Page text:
For most people in Britain right now, the key issues are our under-funded NHS, a surge in the use of food banks, and Brexit. But for The Telegraph, the real crisis facing us is apparently… deckchairs.
The lesser-known deckchair crisis
They have long been an integral element of a British seaside holiday – giving beachgoers a chance to recline, unwind and enjoy the summer sun (or drizzle).
But now the serried ranks of deckchairs which once lined the country’s beaches are being folded away by local councils, in an attempt to make coastal resorts appear more “continental”.
Once again, good old-fashioned British life is being corrupted by those damn continentals. Or so says Yorke. He asserts that, across the country, deckchairs are being sold off, privatised, or replaced with sun-loungers. And it’s all the fault of hipsters and foreigners.
This will come as news to Sidmouth in Devon, which just returned deckchairs to its seafront. And Weymouth and Portland Borough Council could have saved £7,000 a year by scrapping its policy of free deckchairs for the over-60s. Instead, it rejected plans to ditch the policy when it came to the vote this week. The council’s report [pdf] on the matter said that the residents consulted were “keen” to continue the 30-year tradition.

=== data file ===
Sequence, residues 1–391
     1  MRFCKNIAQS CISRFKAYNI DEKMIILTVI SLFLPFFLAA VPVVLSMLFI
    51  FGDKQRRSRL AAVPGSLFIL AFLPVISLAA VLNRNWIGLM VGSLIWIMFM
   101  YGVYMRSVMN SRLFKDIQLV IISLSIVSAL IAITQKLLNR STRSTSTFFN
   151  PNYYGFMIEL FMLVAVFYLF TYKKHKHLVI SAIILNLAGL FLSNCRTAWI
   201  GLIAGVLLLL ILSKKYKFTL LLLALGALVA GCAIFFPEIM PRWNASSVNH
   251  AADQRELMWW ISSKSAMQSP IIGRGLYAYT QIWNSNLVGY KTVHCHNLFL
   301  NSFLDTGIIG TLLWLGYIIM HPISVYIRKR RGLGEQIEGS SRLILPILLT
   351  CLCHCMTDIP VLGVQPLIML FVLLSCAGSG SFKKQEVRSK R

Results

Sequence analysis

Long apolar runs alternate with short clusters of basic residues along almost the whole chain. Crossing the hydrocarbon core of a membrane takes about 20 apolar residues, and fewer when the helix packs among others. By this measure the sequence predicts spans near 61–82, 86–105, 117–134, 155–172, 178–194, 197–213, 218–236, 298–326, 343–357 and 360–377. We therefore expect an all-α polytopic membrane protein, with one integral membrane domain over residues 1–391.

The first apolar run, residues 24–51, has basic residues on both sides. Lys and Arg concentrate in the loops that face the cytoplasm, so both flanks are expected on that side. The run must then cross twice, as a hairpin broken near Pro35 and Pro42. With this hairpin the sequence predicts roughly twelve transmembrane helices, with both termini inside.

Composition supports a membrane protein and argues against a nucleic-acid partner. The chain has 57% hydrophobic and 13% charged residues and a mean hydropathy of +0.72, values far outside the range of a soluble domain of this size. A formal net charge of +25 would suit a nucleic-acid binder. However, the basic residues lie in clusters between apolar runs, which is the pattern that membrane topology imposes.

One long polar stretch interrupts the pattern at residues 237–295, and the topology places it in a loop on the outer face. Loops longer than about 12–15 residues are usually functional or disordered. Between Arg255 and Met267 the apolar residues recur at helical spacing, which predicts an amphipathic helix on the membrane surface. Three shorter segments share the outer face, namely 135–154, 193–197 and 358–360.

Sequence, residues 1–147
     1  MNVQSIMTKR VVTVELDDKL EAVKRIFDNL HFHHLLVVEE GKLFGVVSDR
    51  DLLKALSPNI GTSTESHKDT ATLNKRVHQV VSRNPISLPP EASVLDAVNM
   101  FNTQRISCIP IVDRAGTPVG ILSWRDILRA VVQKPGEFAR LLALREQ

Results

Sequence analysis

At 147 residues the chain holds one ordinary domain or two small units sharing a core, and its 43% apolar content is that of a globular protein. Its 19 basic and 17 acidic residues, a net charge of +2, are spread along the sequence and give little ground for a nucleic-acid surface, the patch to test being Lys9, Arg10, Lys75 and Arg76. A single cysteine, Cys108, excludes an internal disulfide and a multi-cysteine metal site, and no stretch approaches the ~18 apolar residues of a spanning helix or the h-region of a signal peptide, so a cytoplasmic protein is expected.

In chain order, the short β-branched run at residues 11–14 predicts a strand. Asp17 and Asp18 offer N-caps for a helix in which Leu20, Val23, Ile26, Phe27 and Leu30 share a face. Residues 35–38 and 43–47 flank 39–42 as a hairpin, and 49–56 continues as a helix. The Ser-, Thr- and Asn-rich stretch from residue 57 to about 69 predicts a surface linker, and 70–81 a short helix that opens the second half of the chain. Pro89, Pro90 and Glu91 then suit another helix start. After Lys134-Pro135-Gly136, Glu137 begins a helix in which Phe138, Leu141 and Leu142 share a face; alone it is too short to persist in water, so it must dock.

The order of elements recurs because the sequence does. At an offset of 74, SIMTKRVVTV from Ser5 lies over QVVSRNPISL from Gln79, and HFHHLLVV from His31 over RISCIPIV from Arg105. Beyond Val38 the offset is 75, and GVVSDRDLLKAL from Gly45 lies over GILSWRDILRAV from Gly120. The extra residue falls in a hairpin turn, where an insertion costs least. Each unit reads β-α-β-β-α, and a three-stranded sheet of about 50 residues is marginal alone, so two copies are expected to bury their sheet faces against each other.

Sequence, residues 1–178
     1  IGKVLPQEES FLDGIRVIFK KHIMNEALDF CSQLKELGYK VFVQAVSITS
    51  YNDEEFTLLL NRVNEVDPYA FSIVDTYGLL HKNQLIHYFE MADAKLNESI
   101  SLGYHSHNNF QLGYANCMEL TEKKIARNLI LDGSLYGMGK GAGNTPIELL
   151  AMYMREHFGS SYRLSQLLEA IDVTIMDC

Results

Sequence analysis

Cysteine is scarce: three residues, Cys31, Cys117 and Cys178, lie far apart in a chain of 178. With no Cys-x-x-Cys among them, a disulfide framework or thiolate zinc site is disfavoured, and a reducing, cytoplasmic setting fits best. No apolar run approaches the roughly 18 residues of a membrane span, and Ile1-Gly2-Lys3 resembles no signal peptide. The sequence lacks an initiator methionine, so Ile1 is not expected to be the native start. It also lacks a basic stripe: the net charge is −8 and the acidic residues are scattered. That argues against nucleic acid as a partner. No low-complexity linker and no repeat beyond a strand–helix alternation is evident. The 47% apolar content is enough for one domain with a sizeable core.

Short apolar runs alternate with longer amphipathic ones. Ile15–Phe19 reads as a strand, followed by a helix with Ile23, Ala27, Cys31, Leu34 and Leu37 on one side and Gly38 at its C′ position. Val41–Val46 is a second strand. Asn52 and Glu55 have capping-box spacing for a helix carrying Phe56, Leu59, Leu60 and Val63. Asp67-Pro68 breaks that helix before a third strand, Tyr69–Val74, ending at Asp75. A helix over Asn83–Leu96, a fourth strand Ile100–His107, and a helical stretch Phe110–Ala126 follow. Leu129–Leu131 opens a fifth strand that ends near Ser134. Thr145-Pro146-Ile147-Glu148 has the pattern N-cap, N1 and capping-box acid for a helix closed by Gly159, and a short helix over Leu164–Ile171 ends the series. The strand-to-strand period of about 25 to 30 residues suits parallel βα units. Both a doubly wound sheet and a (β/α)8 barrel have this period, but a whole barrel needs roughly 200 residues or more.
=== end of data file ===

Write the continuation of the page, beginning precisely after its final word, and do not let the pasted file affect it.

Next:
Yorke’s whole piece rests on a single report by holiday letting agents Beach Retreats. It also states that “other seaside pastimes, including Punch and Judy”, are on the decline. And nostalgia aside, maybe a show centred around a puppet man beating his wife with a stick while yelling “that’s the way to do it!” is not the best choice of entertainment for impressionable children.
What is the point?
It’s bad enough that The Telegraph nurtures a ‘Little Britain’ mentality, which says our way of life is under threat from foreign invaders. What’s worse is that some basic elements of the story are highly misleading. The whole piece seems designed to enrage Middle England with contrived nonsense; and at a time when we have plenty of genuine issues to focus our minds on resolving, for ourselves and each other. But then, that seems to be a fairly accurate summary of The Telegraph‘s mission these days.
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